CEFR Equivalence

How are language levels described?

If you have ever learned a new language, or if you have watched children developing their language skills, you will understand the idea of different ‘levels’ of learning. It’s like stepping up a ladder. Young learners of English usually start with very simple things like numbers and colours. Next, they begin to learn vocabulary and grammar linked to everyday topics, such as animals, the family, food and drink, sports and games.
By learning these things, they can then read about their favourite animal, write about their brothers and sisters, listen to a song about oranges and lemons, or talk about the games they enjoy playing. Learning a new language is not just about collecting words or knowing the grammar. People need to learn to do useful things with that language, developing the skills of reading, writing, listening and speaking in order to understand and communicate.


In foreign language learning, many teachers and other experts use the Common European Framework of Reference, usually known as the CEFR, when discussing the level that a student has reached. Watch this short video about what the CEFR is for and why it is useful.
The CEFR has six levels from beginner (A1) to very advanced (C2). The CEFR is available online in 39 different language versions, and it describes the things that a language learner Can Do at each of these six levels. It focuses on the skills mentioned above – speaking, listening, reading and writing. It isn’t only for English – it describes ability across the languages of the European Union. Interestingly, the CEFR is also being used in foreign language learning in other parts of the world, from Japan to Chile; it is seen as a practical tool that can help to organise the content and development of classes and study. All Cambridge English exams are related to this framework.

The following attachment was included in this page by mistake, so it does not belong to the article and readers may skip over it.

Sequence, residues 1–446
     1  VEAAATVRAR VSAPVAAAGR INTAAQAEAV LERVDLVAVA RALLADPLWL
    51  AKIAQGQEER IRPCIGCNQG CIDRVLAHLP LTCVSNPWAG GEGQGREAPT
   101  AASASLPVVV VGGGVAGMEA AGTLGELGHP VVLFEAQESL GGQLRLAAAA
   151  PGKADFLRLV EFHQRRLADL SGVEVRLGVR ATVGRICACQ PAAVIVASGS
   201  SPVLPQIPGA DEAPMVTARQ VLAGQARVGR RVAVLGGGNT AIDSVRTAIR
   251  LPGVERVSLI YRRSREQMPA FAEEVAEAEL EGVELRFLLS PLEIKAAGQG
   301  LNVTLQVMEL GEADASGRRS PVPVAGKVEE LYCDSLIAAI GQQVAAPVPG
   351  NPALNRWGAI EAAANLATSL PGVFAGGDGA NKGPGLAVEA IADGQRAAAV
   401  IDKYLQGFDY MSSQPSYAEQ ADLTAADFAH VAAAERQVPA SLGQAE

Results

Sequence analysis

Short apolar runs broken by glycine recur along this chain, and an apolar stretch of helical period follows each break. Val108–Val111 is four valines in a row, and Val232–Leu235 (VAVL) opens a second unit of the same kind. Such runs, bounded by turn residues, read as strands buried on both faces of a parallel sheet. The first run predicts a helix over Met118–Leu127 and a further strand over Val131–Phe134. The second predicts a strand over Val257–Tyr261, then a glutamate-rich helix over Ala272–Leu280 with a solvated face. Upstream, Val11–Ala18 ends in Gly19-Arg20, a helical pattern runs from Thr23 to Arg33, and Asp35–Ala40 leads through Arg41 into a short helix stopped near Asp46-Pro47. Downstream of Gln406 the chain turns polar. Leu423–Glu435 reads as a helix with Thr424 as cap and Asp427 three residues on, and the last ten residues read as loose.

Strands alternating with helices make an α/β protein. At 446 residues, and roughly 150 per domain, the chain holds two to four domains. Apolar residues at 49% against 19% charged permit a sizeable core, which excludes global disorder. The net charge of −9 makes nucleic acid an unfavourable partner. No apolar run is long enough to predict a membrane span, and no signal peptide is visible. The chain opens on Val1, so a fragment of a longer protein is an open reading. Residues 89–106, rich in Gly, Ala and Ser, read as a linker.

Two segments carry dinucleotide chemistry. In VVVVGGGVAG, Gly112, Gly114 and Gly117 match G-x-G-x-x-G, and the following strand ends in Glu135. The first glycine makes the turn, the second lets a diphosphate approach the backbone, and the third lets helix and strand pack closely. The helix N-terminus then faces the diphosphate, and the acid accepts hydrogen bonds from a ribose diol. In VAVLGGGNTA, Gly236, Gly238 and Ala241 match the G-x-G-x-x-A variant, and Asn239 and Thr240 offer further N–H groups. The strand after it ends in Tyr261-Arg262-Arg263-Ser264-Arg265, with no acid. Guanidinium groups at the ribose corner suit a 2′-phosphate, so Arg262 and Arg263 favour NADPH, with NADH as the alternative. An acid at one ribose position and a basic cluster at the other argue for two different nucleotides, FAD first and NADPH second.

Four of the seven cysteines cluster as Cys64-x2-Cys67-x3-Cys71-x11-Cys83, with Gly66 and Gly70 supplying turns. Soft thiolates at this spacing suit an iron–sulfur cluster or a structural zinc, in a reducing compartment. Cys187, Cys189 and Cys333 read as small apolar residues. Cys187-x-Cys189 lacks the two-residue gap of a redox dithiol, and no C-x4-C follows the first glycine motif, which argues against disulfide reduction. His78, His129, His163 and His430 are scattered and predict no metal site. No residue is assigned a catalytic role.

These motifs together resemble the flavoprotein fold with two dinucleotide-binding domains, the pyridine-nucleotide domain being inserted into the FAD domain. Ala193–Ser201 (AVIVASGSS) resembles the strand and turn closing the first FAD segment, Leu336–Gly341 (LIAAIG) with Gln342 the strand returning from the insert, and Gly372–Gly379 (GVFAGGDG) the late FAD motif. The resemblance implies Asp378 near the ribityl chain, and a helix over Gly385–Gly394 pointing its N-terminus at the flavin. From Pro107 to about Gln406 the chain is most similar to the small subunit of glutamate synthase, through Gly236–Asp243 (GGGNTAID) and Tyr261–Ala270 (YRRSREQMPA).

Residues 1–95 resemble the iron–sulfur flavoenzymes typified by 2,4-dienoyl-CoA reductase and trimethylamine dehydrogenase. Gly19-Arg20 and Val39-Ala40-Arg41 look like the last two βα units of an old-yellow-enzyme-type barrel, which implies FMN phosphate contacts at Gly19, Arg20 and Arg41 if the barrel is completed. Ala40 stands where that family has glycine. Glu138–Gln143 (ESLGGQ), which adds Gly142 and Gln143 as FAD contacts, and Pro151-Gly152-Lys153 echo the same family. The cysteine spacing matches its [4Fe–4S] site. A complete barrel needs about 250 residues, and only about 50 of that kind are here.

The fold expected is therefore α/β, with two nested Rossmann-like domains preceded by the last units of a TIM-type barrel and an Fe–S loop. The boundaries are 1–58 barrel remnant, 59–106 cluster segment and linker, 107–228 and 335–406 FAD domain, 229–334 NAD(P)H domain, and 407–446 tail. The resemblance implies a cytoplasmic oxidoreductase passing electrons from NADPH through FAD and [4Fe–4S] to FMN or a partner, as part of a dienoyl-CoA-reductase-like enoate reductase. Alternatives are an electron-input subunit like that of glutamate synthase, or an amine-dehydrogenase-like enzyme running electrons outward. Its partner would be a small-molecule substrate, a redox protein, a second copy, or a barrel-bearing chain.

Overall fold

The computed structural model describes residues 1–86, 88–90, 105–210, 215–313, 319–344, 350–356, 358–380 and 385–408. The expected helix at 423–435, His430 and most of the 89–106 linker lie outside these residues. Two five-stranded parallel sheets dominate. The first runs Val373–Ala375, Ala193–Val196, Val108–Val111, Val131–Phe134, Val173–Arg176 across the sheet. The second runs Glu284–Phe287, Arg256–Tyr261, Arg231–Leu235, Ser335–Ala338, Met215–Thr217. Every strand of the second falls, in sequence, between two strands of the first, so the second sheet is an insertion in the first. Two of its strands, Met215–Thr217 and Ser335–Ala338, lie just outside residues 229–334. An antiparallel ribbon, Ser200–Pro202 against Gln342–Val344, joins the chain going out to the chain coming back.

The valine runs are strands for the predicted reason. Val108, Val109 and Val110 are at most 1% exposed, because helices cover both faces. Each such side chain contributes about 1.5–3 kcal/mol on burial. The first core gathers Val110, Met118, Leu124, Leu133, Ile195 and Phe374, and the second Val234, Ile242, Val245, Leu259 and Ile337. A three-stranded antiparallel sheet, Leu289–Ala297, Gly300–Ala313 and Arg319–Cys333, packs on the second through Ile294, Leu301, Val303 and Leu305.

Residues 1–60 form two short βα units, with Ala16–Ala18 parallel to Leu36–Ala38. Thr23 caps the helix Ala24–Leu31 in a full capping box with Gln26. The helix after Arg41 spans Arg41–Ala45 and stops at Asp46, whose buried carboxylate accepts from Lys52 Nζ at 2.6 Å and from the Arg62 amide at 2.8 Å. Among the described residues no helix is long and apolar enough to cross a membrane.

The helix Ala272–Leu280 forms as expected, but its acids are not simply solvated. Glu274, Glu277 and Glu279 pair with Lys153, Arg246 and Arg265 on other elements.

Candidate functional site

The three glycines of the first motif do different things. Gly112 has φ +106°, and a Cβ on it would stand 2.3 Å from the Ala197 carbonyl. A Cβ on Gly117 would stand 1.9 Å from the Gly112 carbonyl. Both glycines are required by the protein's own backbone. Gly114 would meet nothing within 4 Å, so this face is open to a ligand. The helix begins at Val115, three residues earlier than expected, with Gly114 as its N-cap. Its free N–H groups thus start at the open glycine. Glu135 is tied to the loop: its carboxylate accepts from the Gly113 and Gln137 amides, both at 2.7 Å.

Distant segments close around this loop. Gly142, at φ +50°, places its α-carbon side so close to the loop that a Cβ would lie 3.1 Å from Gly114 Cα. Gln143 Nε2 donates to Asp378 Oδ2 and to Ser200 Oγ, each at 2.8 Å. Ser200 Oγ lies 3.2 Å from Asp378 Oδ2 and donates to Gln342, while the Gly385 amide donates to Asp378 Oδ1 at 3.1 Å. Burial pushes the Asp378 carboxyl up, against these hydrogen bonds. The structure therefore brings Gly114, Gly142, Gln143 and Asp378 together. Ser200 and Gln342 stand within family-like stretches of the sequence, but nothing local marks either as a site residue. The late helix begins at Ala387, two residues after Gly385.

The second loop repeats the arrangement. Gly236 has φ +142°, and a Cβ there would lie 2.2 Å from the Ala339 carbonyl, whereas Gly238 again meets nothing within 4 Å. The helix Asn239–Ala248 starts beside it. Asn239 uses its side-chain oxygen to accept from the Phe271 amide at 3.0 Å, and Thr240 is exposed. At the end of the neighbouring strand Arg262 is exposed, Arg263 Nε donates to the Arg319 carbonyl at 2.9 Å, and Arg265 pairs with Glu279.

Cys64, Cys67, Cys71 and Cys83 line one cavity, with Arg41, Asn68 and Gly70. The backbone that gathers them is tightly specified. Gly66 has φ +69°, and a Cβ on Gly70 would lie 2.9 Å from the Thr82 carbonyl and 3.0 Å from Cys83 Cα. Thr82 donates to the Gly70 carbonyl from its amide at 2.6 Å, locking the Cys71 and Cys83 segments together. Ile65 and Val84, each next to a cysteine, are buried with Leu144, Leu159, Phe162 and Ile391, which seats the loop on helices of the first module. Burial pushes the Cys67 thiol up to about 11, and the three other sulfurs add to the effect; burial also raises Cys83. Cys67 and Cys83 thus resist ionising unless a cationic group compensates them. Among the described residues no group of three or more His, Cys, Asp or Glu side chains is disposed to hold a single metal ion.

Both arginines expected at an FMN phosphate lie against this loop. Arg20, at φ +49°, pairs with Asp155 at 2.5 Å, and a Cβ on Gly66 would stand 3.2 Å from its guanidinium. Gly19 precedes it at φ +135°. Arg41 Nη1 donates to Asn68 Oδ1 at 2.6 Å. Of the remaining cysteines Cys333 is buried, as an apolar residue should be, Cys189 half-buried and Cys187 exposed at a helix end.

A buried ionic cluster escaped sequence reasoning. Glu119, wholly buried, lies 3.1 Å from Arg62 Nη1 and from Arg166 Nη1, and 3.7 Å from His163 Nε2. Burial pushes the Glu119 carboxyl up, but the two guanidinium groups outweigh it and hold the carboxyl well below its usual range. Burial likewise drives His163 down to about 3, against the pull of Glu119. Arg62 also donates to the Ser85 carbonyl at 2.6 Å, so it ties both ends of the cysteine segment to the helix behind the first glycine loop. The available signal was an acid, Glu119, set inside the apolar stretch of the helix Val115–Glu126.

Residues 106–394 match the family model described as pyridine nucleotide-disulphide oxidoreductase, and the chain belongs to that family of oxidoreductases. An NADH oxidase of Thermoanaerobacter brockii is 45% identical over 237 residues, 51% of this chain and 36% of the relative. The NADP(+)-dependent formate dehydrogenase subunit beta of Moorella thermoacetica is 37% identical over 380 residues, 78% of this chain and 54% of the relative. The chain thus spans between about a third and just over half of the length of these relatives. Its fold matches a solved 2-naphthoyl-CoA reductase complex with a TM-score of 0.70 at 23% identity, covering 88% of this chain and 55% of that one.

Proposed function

We at GI adopted the best practice of Cambridge English Scale

The Cambridge English Scale is an exam results reporting scale in use from January 2015. This is a new way of reporting results from Cambridge English exams. The scale is designed so as to complement the Common European Framework of Reference for Languages by providing more detailed information on candidate exam performance. Candidates receive a score for overall exam performance as well as individual scale scores for each language skill (Reading, Writing, Listening and Speaking) plus a score for Use of English in certain exams. Results from the different exams are reported on the same scale which allows for easy and straightforward performance comparison and gives a clearer insight into candidate progression from one exam to the next.